As the remaining tram routes and certain motorbus routes were progressively converted to trolleybus operation, another eighty four trolleybuses (Nos. 90- 173) were ordered from the Sunbeam Motor Car Co. Thirty six of these were delivered between the 11th of February and the 18th of June 1935, twenty four more between August and December, with the remaining twenty four arriving by March 1936.
At the end of 1936 the fleet comprised some 106 trolleybuses, 103 of them Sunbeam MS2s. This was the largest fleet of similar vehicles in the country, all having rear entrance and front exit, two staircases and 56 seats. After the opening of the full Bournemouth Square to Christchurch route on the 8th of April 1936, tram services ceased. This day was also the ‘Last Tram Day’.
Tram number 115 was the last tram to run from Bournemouth to Christchurch carrying the Mayors of the two towns along with other officials. At Tuckton Bridge, the borough boundary, the official party boarded the first passenger carrying trolleybus to run into Christchurch.
Trolleybus extensions well beyond the erstwhile tramway network continued until the outbreak of the Second World War by which time the ‘Silent Service’ had reached out through Winton to the northwestern suburbs of Ensbury Park, Talbot Village and Wallisdown, and provided a circular service along Castle Lane between Charminster and Moordown. The trolleybus system extended some 33.35 route miles served by 16 different services and was proving a major financial success.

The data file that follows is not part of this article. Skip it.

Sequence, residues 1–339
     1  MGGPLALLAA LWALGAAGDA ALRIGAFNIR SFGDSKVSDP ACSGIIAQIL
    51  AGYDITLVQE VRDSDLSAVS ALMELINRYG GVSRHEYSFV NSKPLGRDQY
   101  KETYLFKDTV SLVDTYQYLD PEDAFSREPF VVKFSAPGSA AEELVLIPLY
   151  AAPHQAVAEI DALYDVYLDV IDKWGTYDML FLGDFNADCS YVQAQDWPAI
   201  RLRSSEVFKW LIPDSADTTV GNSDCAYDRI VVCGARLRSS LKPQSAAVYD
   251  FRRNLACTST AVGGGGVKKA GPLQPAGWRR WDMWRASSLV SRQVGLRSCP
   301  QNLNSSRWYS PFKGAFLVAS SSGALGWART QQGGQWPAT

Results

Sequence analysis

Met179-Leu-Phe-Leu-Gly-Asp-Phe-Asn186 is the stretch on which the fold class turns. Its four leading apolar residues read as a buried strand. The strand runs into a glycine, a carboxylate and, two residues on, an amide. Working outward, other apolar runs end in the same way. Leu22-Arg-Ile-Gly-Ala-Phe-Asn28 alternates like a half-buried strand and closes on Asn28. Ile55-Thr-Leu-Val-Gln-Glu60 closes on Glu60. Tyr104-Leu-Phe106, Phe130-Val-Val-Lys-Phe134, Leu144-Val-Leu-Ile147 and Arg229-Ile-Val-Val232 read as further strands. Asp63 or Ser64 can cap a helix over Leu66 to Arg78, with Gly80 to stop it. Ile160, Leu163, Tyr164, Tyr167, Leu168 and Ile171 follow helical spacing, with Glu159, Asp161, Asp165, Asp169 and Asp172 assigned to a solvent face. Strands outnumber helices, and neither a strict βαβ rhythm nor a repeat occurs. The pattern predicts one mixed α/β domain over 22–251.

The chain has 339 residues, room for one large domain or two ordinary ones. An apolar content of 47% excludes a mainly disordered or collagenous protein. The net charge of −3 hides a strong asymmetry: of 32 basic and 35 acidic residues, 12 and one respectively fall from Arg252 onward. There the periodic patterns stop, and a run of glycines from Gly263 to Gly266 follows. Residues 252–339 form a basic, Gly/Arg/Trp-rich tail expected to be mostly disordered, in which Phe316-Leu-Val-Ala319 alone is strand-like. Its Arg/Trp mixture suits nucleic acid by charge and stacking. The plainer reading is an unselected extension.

Although there was no decline in loadings, indeed by 1943 the trolleybuses were carrying some 41 million passengers annually, the war brought holiday-making to an end. Surplus rolling stock was loaned to the hard-pressed undertakings of Llanelly, London, Newcastle upon Tyne, South Shields, Walsall and Wolverhampton. All told some 30 Bournemouth Sunbeam MS2 contributed to the war effort in other towns or cities. Despite the reduced fleet it proved possible to serve a new route extension along Barrack Road from Iford to Christchurch serving various military installations.